MSCs are the focus of many clinical trials and are thought to be particularly useful in a field of research known as regenerative medicine. Regenerative medicine seeks to develop treatments that replace or regenerate human cells, tissues or organs to restore or establish normal function. Stem cells that are capable of generating new cells are particularly useful for regenerating calls and tissue.

Some of the recent discoveries made using Wharton’s jelly stem cells include:

  • Adult Mesenchymal Stem Cells Safe and Effective in Acute Myocardial Infarction
    Researchers found that Wharton’s Jelly-derived mesenchymal stem cells are a safe and effective treatment for acute myocardial infarction (heart attacks) (PrNewswire, 2015)
  • Human Wharton’s jelly mesenchymal stem cells promote skin wound healing
    Researchers found that WJ-MSCs increased normal skin fibroblast proliferation and migration, promoting wound healing (Arno et al., 2014)
  • Scientists grow artificial skin using umbilical cord stem cells
    Spanish scientists, from the Tissue Engineering Research Group, from the Dept. of Histology at the University of Granada managed to grow artificial skin from WJ-MSCs  (, 2013)
  • Scientists have found that WJ-MSCs can improve recovery in brain-damaged mice
    Scientists have already used Wharton Jelly-derived Mesenchymal Stromal Cells to treat brain damage in mice effectively (Cheng et al., 2015).

Breakthroughs are occurring at a rapid pace and WJ-MSCs have a great deal of potential.


Arno, A., Amini-Nik, S., Blit, P., Al-Shehab, M., Belo, C., & Herer, E. et al. (2014). Human Wharton’s jelly mesenchymal stem cells promote skin wound healing through paracrine signaling. Stem Cell Research & Therapy, 5(1), 28.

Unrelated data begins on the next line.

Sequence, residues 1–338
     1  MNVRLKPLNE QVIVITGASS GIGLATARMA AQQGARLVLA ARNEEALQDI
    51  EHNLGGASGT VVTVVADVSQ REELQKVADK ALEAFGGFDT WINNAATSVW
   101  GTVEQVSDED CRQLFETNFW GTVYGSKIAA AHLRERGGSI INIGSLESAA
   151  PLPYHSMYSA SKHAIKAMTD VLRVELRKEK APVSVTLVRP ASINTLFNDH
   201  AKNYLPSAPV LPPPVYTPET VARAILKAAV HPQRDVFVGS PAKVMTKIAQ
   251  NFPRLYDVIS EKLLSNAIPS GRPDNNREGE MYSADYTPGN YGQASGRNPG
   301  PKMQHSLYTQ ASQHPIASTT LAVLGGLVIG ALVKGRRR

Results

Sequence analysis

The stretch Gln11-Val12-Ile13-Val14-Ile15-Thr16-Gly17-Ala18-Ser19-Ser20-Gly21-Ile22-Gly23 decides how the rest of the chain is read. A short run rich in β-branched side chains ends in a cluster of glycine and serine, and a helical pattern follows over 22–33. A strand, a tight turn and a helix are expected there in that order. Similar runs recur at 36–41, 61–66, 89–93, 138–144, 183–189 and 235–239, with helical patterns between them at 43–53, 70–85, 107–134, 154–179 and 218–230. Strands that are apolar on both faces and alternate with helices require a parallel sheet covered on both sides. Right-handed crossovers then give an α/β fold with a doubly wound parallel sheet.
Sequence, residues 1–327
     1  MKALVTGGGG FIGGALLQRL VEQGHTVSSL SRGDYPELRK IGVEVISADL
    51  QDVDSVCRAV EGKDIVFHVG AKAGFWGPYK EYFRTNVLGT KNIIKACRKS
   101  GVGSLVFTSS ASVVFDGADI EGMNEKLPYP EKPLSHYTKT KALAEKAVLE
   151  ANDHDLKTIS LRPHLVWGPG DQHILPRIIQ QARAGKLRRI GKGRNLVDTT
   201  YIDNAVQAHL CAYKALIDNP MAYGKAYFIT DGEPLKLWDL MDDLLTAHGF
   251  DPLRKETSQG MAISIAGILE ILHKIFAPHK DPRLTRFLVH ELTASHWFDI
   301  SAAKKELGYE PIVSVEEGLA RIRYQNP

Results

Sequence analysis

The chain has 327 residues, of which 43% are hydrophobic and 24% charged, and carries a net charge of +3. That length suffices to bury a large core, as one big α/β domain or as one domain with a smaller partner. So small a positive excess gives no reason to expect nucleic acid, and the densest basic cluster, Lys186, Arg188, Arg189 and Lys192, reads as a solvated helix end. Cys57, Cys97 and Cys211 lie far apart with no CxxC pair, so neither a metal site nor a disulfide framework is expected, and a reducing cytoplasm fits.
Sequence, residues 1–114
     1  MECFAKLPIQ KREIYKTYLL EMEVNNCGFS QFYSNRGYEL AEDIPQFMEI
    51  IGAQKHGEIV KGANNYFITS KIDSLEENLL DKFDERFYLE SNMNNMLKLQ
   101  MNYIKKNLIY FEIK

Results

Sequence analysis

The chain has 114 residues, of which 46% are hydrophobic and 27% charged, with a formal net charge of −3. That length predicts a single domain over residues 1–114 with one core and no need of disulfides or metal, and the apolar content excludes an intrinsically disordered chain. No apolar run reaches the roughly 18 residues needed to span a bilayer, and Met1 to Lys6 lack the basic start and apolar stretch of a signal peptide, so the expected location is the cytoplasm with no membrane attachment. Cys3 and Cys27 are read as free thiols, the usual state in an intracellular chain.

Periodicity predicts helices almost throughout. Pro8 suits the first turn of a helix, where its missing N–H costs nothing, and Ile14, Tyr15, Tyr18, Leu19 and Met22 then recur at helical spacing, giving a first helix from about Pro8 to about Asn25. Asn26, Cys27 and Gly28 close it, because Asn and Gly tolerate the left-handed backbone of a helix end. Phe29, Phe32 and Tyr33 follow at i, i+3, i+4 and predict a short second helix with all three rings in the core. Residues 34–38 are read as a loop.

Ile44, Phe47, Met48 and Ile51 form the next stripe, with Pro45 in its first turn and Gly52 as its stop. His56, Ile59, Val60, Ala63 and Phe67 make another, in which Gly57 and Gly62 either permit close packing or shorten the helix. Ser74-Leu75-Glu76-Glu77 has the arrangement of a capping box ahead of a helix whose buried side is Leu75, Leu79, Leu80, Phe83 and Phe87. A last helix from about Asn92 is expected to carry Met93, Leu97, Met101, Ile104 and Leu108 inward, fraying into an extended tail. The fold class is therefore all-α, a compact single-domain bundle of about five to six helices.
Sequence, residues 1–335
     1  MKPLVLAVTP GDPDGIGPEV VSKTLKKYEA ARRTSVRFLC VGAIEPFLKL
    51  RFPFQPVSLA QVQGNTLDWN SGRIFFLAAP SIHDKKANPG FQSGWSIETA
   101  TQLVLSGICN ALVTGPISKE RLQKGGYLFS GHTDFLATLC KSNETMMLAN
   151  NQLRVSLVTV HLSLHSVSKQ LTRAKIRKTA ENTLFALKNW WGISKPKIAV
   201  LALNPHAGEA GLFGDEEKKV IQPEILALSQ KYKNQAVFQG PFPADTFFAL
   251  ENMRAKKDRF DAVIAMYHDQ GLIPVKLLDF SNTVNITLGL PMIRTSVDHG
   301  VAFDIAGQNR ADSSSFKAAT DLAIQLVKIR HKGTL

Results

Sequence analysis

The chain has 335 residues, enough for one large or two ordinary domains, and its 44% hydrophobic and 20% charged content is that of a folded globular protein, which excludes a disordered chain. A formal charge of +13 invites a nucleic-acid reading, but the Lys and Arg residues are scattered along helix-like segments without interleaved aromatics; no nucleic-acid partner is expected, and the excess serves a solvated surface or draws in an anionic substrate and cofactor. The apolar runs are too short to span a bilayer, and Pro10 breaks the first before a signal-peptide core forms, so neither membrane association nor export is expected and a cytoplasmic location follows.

Cheng, T., Yang, B., Li, D., Ma, S., Tian, Y., & Qu, R. et al. (2015). Wharton’s Jelly Transplantation Improves Neurologic Function in a Rat Model of Traumatic Brain Injury. Cellular And Molecular Neurobiology, 35(5), 641-649.

Dasari, V. (2014). Mesenchymal stem cells in the treatment of spinal cord injuries: A review. World Journal Of Stem Cells, 6(2), 120.

Dazzi, F., & Horwood, N. (2015). Potential of mesenchymal stem cell therapy.  – PubMed – NCBI. Retrieved 19 October 2015, from 

Kim, N., & Cho, S. (2013). Clinical applications of mesenchymal stem cells. Korean J Intern Med, 28(4), 387.

Mitchell, K., Weiss, M., Mitchell, B., Martin, P., Davis, D., & Morales, L. et al. (2003). Matrix Cells from Wharton’s Jelly Form Neurons and Glia. STEM CELLS, 21(1), 50-60. 

PrNewswire,. (2015). Beike Biotechnology Publishes New Research Finding Adult Mesenchymal Stem Cells Safe and Effective in Acute Myocardial Infarction. Retrieved 16 November 2015, from

Ramsden, C., Powner, M., Carr, A., Smart, M., da Cruz, L., & Coffey, P. (2013). Stem cells in retinal regeneration: past, present and future. Development, 140(12), 2576-2585.,. (2013). Scientists grow artificial skin using stem cells from the umbilical cord | Stem Cell News Digest. Retrieved 16 November 2015, from

Tanna, T., & Sachan, V. (2015). Mesenchymal stem cells: potential in treatment of neurodegenerative diseases.  – PubMed – NCBI. Retrieved 19 October 2015, from 

Volarevic, V., Nurkovic, J., Arsenijevic, N., & Stojkovic, M. (2014). Concise Review: Therapeutic Potential of Mesenchymal Stem Cells for the Treatment of Acute Liver Failure and Cirrhosis. STEM CELLS, 32(11), 2818-2823. 

Verter, D. (2015). Parent’s Guide to Cord Blood. Retrieved 26 October 2015, from 

Watson, N., Divers, R., Kedar, R., Mehindru, A., Mehindru, A., Borlongan, M., & Borlongan, C. (2015). Discarded Wharton jelly of the human umbilical cord: a viable source for mesenchymal stromal cells. Cytotherapy, 17(1), 18-24.